January 31, 2014
“You might think of your grandmother’s luxury as little glass pieces in a case you can’t touch,” explained designer Sandra Espinet. “Nowadays luxury is having a fabulous space that everyone can touch and enjoy.”
In completing a young, single man’s vacation home in Los Cabos, Mexico, Espinet catered to his love of entertainment. This large space draws from the locality with a masculine slant and durable finishes. “This is a modern approach to luxury,” she added.
The property overlooks the Pacific Ocean and the Gulf of California on either side, while the back of the house faces the Sierra de la Laguna mountains.
“The inspiration was easy,” said Espinet. “As a designer, I can’t compete with nature.” Drawn from the mountains, brown, taupe and dark green accents create a natural palette.
Unfinished terracotta makes up the gray backsplash, which is adorned by an intricate pattern of crème, blue and rustic red.
“While the terracotta feels rough, the crème design has a smooth glaze on it,” Espinet explained. “It’s masculine since it is not glossy throughout, plus it has a Mexican feel to it as well.”
The kitchen’s cupola ceiling, made of antique brick, corresponds to the hacienda style. “The brick gives it that cool, old look,” she commented. The reclaimed brick complements the reclaimed beams seen throughout the rest of the house.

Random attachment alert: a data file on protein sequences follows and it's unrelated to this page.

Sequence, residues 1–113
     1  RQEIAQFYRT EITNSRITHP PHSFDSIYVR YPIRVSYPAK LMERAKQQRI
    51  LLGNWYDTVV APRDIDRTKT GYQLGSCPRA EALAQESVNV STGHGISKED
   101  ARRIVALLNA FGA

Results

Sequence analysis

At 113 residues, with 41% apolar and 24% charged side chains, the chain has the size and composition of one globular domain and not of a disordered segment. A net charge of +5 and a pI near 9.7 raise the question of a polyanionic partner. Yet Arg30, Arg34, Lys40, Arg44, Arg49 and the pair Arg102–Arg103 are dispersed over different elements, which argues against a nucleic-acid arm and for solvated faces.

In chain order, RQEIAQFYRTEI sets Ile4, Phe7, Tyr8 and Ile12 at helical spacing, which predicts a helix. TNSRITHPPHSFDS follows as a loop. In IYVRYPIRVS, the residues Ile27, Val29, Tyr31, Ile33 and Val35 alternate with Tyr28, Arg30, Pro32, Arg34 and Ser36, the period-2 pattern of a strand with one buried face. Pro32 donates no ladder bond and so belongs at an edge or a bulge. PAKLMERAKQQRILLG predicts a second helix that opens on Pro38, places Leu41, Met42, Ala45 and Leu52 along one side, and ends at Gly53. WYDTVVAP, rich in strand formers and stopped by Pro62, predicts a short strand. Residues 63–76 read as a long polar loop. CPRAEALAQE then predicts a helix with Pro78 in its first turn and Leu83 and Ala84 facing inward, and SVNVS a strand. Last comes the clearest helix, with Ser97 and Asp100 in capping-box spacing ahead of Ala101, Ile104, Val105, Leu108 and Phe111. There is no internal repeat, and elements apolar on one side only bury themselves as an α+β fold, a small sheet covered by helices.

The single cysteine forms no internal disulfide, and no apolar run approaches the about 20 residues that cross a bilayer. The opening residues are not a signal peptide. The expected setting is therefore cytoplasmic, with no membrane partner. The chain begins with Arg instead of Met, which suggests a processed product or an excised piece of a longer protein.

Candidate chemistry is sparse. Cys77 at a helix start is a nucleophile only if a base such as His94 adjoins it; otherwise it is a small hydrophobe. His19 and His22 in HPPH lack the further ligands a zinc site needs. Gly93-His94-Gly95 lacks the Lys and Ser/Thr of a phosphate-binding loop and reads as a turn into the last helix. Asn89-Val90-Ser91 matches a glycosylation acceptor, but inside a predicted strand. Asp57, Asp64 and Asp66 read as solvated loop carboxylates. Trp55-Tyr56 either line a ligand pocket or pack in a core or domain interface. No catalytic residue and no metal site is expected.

Mexican walnut cabinetry strives to match the living room’s reclaimed beams. With an aged finish, the cabinets exude a slightly vintage appeal. Swirling designs embellish the lower cabinets, while iron accents on the upper cabinets add interest and tie into the vast iron chandelier above the island. Lit with eight Edison bulbs, the Gothic chandelier offers “a really cool bar light,” Espinet explained.
With 10 stools on hand, the split-level island provides a place for guests to sit at the bar while the host cooks on the lower end of the island.
“We wanted the island large and in charge,” said Espinet. Made of the same walnut as the cabinetry, the island’s light stain “breaks up the room and makes it stand out, like a piece of furniture,” she added. “It’s a little highlight.”
Furnished in leather, the stools are both durable and masculine in design. Topped with marble-like granite, the countertop’s black and brown spots fall over a crème golden background.
“He didn’t want any little flowery designs; he wanted it to be strong,” Espinet explained. “So we wanted it to be more architectural – with that Californian mentality of user friendly.”
Sliding doors access the open kitchen, complete with an outdoor dining space. A Miele coffee station, a walk-in pantry and a bar area contribute to the entertainment space.
“It looks like a guy would cook in this kitchen,” said Espinet. “We achieved what we hoped to create, which was a young guy’s fabulous pad.”